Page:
It is thus evident that communications between switching systems of a complex are conventionally carried out by the traditional user-initiated action and reaction to signalling stimuli and that the common control data base information of each system is not shared to the extent possible. As a consequence, station users are instrumental in deciding the course of action that must be taken in order to effectuate communications through multiple switching systems. Owing to the fact that the switching systems of the traditional communication complex communicate therebetween by standard telephone signalling methods, the telephone users must have some of the information and exercise some of the decision making aspects to complete calls across the various switching systems.
In view of the fact that modern telecommunications switching systems involve state-of-the-art computer data processing technologies, it should be feasible to incorporate such decisional aspects within the switching systems rather than relying on the users to remember them. Because of the sizeable capital investments required in establishing a switching complex, such a complex and its respective switching systems could be utilized to a fuller extent and made more efficient by programming the common controls to recognize when dialing across the switching systems is requested and to take the appropriate action to effect such a result with minimal knowledge thereof by the users.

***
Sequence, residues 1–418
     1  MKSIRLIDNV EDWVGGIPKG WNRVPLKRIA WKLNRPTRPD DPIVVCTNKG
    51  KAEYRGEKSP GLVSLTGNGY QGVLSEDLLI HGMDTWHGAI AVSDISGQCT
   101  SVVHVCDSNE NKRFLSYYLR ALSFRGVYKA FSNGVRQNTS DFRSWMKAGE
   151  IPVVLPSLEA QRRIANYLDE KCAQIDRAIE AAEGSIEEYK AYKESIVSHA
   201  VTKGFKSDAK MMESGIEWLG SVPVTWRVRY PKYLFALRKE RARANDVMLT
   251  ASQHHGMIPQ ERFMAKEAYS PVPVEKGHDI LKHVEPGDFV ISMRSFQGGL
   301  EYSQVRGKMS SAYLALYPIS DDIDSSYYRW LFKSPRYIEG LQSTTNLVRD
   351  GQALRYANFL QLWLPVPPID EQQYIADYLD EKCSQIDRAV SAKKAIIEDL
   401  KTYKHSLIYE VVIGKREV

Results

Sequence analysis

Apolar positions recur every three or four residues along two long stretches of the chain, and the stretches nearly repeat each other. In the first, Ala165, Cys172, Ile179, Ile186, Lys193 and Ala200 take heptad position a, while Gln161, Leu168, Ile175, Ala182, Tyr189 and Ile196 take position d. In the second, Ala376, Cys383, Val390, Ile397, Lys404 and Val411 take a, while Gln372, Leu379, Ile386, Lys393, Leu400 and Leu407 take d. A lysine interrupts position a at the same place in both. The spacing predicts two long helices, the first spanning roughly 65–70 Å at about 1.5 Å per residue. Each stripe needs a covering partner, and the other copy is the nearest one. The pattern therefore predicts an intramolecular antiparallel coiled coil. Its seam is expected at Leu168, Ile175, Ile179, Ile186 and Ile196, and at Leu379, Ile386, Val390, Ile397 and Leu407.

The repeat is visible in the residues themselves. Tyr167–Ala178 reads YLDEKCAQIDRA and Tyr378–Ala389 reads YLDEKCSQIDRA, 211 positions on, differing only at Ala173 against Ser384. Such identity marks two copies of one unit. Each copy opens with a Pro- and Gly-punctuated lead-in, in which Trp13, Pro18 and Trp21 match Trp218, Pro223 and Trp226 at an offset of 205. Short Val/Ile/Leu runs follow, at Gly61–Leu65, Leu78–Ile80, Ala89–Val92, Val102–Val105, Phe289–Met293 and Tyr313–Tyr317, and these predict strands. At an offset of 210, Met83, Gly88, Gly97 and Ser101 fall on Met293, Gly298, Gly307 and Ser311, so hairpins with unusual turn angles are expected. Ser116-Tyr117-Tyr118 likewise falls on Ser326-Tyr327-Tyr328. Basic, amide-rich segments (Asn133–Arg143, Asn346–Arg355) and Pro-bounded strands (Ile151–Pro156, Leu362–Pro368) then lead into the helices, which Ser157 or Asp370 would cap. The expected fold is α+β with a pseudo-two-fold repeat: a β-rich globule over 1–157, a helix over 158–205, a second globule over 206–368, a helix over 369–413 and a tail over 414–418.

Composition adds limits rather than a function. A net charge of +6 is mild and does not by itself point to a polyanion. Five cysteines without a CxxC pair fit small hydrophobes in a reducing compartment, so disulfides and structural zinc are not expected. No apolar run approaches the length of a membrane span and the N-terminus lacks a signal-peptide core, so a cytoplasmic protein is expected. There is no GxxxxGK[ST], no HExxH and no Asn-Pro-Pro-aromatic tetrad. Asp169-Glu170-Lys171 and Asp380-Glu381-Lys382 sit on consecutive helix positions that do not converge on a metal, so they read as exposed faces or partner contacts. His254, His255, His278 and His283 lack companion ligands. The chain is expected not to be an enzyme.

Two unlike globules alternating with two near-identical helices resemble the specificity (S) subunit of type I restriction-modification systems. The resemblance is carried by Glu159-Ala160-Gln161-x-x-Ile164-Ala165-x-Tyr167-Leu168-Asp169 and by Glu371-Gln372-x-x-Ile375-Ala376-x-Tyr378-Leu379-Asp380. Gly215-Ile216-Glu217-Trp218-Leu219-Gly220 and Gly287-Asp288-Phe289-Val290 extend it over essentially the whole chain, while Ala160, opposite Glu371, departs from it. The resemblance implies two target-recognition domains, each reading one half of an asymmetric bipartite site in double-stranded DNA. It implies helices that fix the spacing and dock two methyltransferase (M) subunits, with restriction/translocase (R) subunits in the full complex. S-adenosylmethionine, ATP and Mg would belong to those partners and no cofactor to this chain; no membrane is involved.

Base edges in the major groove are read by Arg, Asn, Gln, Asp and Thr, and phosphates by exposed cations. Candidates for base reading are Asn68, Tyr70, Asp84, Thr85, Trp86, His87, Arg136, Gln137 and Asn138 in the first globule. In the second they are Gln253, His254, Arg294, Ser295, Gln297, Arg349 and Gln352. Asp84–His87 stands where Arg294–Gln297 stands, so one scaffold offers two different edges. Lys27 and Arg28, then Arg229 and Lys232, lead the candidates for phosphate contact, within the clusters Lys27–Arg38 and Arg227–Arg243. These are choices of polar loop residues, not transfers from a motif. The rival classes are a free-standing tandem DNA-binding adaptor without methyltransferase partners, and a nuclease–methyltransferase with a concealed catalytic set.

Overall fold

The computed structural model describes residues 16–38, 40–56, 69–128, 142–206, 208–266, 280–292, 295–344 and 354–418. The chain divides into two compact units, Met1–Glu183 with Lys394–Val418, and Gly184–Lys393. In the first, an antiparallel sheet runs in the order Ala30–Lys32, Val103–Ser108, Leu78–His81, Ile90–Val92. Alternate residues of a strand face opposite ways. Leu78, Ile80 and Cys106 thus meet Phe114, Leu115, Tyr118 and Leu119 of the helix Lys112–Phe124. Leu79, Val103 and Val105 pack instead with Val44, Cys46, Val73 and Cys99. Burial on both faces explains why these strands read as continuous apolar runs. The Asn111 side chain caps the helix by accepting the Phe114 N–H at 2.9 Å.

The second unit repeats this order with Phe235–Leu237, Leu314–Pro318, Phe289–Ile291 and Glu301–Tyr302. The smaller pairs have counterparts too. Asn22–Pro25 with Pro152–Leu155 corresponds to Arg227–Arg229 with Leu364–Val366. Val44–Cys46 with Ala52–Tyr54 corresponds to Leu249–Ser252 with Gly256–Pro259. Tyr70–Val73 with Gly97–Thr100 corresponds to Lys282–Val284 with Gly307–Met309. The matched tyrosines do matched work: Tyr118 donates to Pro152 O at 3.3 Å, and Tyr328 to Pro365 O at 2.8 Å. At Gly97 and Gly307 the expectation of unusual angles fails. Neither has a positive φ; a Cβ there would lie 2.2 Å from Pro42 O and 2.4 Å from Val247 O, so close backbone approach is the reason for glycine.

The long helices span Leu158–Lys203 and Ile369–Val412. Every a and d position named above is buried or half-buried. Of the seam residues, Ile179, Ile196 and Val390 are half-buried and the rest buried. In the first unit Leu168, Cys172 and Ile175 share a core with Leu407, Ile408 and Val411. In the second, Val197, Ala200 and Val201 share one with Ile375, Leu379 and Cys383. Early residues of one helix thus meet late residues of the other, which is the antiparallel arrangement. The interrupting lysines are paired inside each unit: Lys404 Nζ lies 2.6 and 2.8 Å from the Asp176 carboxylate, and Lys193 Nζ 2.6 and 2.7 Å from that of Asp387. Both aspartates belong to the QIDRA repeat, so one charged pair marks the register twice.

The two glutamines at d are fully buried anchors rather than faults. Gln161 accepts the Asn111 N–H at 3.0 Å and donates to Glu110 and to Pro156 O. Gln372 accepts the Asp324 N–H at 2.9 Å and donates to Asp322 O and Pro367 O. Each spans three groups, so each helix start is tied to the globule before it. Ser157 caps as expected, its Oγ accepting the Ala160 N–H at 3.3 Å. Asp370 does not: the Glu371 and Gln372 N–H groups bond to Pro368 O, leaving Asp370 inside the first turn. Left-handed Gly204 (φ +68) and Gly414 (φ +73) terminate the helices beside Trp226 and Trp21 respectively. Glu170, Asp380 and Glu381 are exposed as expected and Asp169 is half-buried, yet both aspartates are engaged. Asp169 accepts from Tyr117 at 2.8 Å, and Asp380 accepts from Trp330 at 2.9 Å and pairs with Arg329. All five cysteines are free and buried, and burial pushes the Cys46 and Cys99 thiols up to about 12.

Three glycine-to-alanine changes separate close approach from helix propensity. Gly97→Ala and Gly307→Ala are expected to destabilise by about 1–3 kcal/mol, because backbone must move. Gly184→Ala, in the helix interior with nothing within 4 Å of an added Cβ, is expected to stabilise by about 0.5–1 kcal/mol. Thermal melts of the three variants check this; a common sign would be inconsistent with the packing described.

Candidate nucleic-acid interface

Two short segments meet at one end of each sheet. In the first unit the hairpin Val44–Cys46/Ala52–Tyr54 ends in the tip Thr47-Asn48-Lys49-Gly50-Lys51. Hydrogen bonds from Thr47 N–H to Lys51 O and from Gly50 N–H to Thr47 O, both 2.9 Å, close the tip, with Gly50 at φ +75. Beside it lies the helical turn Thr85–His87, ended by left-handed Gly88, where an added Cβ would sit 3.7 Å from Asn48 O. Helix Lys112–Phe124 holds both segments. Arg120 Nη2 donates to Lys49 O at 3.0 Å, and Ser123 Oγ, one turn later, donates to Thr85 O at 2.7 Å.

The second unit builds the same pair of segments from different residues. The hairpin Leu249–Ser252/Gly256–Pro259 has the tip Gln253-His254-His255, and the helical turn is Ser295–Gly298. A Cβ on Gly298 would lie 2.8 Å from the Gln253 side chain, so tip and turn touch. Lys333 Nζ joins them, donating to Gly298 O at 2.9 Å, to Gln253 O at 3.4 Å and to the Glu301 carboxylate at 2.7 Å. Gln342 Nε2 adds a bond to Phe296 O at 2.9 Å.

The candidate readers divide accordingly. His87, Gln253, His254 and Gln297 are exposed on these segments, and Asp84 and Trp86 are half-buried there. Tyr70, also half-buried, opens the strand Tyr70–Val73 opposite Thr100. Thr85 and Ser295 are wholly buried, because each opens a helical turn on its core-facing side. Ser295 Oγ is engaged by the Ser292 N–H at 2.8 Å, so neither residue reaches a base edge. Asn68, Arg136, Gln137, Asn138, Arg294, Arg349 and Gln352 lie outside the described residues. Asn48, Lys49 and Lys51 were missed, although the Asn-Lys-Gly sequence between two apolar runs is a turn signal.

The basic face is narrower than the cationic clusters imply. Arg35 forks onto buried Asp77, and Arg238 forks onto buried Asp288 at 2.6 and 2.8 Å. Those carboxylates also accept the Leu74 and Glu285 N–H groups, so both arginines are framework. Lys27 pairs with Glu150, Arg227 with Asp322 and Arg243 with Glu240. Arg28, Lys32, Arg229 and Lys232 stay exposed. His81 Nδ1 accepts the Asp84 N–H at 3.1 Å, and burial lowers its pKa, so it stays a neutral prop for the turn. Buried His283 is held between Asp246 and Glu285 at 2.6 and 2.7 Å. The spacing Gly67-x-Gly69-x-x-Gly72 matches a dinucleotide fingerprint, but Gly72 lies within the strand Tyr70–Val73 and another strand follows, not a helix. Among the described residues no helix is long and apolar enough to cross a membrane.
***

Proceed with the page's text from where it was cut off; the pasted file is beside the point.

The related patents as hereinbefore referenced, discuss the ability of a single switching system to share its hardware among separate groups of stations, where stations in each group may have the same directory numbers, all without confusing one station in one group with another station in another group. Such a provision of "customer groups" is highly desirable, however this aspect has heretofore been accomplished only with single switching system environments.
It is a paramount object of the present invention to provide means for streamlining the intercommunications between a plurality of communication switching systems of a switching complex so that the complex as a whole functions more systematically rather than as autonomous interconnected systems.
It is a primary object of the present invention to provide a switching system having the capability of automatically transferring a dialed number to the destination switching system servicing the associated station so that the switching function desired by the user is effected, all without the user being aware that another system is involved.